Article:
What are the sexual characteristics in Klinefelter syndrome?

Updated: Mar 23, 2020
  • Author: Germaine L Defendi, MD, MS, FAAP; Chief Editor: Luis O Rohena, MD, MS, FAAP, FACMG  more...
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Answer

Genital abnormalities are not commonly observed in 47,XXY males. This is an important observation because Klinefelter syndrome is considered a cause of genital abnormality or ambiguity. [26]  The genital phenotype can include complete sex reversal, true hermaphroditism (eg, ovotestes), testicular feminization, and ambiguous genitalia/undervirilization (eg, hypospadiasmicropenis, epispadias, female external genitalia).

Pubertal changes with lack of secondary sexual characteristics are due to decreased androgen production. This results in sparse facial, body, or sexual hair; a high-pitched voice; and body fat distribution as is observed in females. By late puberty, 30-50% of boys with Klinefelter syndrome present with gynecomastia, which is due to elevated estradiol levels and an increased estradiol:testosterone ratio. The risk of developing breast carcinoma in Klinefelter syndrome is at least 20 times higher than in healthy individuals. There is also an increased risk of extragonadal germ cell tumors such as embryonal carcinoma, teratoma, and primary mediastinal germ cell tumor.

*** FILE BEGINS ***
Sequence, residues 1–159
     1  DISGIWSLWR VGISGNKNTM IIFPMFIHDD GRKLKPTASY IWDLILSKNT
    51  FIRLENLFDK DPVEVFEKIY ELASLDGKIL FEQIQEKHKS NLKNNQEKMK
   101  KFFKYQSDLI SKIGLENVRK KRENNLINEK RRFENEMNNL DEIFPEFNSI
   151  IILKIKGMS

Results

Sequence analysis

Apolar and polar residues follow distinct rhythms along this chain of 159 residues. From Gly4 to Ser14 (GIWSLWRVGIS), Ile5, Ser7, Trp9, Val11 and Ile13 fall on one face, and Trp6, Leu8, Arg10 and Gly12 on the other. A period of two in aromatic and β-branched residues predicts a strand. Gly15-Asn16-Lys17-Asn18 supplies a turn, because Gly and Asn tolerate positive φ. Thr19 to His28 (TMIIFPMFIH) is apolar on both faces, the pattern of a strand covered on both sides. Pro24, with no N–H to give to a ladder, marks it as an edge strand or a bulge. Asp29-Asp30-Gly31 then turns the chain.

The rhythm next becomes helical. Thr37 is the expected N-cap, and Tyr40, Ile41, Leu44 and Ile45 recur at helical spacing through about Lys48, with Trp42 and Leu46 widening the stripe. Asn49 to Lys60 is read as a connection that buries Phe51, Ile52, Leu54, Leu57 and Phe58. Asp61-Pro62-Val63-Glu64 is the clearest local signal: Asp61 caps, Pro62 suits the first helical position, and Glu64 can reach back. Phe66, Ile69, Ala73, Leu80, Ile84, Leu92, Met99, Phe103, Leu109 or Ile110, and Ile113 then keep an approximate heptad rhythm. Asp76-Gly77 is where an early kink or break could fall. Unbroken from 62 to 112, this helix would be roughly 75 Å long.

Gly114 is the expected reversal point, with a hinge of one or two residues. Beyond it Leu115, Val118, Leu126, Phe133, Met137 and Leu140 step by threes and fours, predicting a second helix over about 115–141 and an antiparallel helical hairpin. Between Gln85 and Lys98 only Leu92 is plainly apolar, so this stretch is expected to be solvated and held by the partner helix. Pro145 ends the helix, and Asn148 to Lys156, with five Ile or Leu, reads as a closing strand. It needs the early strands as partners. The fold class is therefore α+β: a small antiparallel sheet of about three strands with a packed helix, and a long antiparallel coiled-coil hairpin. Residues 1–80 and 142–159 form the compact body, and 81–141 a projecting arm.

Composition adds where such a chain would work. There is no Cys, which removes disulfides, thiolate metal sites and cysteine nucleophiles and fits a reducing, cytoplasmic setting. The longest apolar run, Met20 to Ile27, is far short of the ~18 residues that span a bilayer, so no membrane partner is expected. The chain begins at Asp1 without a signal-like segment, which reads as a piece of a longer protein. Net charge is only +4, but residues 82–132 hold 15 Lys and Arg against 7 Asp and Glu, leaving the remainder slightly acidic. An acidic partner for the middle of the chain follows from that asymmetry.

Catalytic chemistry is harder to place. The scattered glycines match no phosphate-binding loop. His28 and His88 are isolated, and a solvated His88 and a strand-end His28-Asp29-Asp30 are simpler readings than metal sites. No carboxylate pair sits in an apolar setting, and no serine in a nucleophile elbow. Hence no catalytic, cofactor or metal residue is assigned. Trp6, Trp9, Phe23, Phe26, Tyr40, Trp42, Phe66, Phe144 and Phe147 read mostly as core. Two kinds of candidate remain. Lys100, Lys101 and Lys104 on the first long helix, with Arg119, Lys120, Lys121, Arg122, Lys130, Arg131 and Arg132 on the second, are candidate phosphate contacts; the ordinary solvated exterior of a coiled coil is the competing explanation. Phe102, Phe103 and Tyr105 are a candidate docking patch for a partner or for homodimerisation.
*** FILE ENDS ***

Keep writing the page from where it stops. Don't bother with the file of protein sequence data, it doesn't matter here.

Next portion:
Postpubertal males may have testicular dysgenesis (small firm testis; testis size < 10 mL). Infertility, azoospermia, or both may result from atrophy of the seminiferous tubules. Most males with a 47,XXY karyotype are infertile, but patients with Klinefelter syndrome mosaicism (46,XY/47,XXY) can be fertile. Guidelines for the assessment and treatment of people with fertility problems have been established. [27]

A literature review by Deebel et al indicated that, while azoospermia is a characteristic of Klinefelter syndrome, patients are frequently positive for spermatogonia. Indeed, spermatogonial cells were found in 100% of fetal/infantile patients and in 83%, 42.7%, and 48.5% of prepubertal, peripubertal, and adult patients. In addition, positive spermatogonia results were found in 46.4% of peripubertal/adolescent patients and 24.3% of adult patients, who were negative for spermatozoa. [28]


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